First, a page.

The third strategy is where an effort is made to be replacing all the trees that are cut from the forests. Thus, for instance, if one tree is cut, another tree is planted to take its place. This is a pragmatic approach, based on appreciation of the fact that people will always have need for timber and other tree products. Therefore, there will always be need for the trees in forests to be cut down. But if a new tree is planted to replace every tree that is cut down, the net effect is that the forests would be well conserved.

Planting Trees to Mitigate Climate Change Effects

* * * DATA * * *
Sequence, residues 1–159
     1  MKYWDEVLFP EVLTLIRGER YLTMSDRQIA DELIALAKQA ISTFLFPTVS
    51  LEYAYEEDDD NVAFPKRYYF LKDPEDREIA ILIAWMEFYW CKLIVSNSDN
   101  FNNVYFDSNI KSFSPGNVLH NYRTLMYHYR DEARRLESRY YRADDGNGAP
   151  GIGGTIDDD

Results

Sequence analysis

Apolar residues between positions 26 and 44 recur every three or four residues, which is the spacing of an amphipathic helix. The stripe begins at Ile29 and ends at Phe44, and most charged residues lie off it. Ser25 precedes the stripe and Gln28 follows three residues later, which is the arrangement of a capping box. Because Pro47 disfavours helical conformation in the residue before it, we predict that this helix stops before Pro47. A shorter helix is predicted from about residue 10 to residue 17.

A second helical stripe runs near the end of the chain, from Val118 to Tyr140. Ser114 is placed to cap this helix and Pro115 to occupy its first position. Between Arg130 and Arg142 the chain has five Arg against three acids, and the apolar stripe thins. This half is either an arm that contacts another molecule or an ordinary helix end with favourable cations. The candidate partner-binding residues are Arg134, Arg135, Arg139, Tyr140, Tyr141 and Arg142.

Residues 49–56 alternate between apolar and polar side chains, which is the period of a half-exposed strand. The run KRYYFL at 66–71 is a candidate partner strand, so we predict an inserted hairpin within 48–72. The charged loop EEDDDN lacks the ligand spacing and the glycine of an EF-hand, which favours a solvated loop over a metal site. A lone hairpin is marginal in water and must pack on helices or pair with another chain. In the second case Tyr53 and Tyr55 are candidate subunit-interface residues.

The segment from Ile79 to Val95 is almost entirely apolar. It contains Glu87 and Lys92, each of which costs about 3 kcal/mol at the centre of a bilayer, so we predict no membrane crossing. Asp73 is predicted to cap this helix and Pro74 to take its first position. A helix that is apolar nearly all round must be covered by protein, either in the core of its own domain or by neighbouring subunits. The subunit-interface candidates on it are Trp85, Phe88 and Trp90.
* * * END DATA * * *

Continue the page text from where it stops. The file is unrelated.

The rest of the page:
Scientists advise us that tree planting is one of the things we can do, to mitigate the effects of climate change. There are, of course, several other measures we can take, to mitigate the effects of climate change. But tree planting is one of the easiest — yet also one of the most effective.

Setting up formal tree planting campaigns

For us to be able to mitigate climate change effects, we need to ensure that we plant a big enough number of trees. So it is not just a question of planting a couple of trees here and there, and then claiming to have mitigated the effects of climate change. On the contrary, for the effect of the planted trees to be felt, we need to be looking at millions – perhaps tens or even hundreds of millions of trees. So it is a big project, which is best undertaken through formal tree planting campaigns.